New Law Would Make Harmful, Repeat Traffic Violations, a Felony Charge

The Florida Senate is currently considering a bill that would take a significantly tougher stance on drivers who have caused serious injury to others—even if they, technically, haven't committed a crime. The bill, SB 1254, would make a second, noncriminal traffic infraction that caused serious bodily harm punishable as a third degree felony.

The bill, introduced by State Senator Bean, has not yet passed, but is making its way through the state legislature this session. If passed and signed, the new law would become effective July 1, 2015.

For a theoretical offender to be punished under this law, they would need to have caused two road accidents that resulted in a serious bodily injury or death within a five year period. The bill defines serious bodily injury in this case as "a physical condition that creates a substantial risk of death, serious personal disfigurement, or protracted loss or impairment of the function of any bodily member or organ."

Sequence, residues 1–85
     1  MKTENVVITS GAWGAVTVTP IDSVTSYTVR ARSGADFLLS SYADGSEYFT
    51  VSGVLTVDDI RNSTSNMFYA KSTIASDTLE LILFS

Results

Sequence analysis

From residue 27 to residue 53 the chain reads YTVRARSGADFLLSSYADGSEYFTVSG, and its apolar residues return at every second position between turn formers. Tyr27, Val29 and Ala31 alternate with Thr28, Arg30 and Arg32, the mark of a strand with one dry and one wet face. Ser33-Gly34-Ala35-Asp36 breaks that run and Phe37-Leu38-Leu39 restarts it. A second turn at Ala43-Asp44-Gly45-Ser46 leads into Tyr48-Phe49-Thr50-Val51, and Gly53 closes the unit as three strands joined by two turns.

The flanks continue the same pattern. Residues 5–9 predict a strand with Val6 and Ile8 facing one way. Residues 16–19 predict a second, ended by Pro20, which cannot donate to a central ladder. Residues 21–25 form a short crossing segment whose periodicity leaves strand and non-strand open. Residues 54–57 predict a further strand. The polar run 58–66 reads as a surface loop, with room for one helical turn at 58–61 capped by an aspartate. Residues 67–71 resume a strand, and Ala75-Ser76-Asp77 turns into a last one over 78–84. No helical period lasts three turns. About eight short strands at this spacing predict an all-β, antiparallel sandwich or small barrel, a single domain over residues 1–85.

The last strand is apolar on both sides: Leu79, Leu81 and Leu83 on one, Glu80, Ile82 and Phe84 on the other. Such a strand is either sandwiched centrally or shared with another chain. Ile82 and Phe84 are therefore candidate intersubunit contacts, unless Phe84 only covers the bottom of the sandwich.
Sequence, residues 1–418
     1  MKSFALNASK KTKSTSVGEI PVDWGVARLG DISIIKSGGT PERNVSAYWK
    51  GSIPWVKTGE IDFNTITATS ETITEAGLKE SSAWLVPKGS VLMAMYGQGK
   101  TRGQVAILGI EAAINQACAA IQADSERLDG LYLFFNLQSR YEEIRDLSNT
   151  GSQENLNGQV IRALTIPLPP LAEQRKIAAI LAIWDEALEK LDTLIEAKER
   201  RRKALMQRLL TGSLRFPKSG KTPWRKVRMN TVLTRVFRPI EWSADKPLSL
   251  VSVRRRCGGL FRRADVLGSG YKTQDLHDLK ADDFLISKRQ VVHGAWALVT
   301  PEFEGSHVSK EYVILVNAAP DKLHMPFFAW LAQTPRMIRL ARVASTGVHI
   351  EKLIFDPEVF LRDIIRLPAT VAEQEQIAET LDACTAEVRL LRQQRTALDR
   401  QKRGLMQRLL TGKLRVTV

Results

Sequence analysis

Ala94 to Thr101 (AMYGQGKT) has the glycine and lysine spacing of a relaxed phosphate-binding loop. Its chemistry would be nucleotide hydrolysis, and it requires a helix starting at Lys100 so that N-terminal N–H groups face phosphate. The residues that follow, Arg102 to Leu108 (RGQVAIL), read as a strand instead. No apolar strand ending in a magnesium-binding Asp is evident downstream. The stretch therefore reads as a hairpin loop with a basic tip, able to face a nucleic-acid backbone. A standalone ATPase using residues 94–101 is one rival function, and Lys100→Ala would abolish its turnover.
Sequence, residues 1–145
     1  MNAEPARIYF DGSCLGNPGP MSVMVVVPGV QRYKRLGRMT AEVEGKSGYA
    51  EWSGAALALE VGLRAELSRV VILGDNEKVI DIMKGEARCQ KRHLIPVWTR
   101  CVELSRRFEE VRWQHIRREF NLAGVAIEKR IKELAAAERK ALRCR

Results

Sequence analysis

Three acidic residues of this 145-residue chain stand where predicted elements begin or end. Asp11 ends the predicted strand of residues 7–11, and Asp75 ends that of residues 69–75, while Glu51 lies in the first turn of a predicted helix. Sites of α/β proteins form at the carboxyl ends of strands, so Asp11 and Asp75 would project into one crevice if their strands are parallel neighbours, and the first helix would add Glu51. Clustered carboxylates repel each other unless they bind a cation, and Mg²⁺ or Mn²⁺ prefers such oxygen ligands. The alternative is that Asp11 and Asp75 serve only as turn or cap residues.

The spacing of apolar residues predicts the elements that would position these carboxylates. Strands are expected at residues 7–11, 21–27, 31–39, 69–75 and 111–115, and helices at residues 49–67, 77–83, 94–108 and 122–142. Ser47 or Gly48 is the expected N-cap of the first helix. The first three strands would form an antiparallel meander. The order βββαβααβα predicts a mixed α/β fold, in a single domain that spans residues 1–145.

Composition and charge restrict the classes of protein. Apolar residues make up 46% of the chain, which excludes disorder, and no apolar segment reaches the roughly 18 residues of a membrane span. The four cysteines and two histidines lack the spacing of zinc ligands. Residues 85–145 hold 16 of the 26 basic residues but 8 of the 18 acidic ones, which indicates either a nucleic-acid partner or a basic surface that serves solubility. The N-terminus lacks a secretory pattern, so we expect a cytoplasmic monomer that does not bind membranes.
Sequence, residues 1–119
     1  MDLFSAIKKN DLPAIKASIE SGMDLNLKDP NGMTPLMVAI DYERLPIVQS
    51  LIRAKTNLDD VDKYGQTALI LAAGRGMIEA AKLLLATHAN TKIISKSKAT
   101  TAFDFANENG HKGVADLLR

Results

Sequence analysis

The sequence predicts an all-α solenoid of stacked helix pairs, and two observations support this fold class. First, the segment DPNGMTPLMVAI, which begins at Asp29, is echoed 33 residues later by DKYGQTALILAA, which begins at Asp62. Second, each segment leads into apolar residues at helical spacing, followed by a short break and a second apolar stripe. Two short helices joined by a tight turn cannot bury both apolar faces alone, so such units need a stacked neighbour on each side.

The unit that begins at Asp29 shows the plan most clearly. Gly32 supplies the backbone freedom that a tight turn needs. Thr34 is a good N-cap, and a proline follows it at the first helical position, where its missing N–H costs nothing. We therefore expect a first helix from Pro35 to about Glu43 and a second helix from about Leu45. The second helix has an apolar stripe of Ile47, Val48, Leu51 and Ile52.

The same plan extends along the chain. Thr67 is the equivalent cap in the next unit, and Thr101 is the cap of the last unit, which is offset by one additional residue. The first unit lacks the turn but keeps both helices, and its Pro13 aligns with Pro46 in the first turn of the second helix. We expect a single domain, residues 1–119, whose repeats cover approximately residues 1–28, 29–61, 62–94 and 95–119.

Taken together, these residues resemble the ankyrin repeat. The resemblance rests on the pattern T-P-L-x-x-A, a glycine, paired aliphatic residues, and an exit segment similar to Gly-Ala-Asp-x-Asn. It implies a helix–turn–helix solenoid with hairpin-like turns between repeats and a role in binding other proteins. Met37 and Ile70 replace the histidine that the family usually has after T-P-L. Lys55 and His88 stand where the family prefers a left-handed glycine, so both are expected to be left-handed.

SB 1254 would significantly alter the legal landscape and make a new, significant number of Florida drivers vulnerable to criminal penalty in the years to come. Our firm will continue to monitor SB 1254's status in the Florida Senate and, if it passes, prepare to assess the effect it could have on future clients and our community.

If you or a loved one is facing a criminal charge, then we invite you to contact us at Herman Law, P.A. today. Our team is experienced in both state and federal law and has successfully navigated over 150 jury trials. Over that time, Attorney Ron D. Herman has built a reputation of providing aggressive, knowledgeable, and results-driven counsel.

Trust your case to a West Palm Beach criminal defense lawyer you can rely on. Contact us today for a free consultation.

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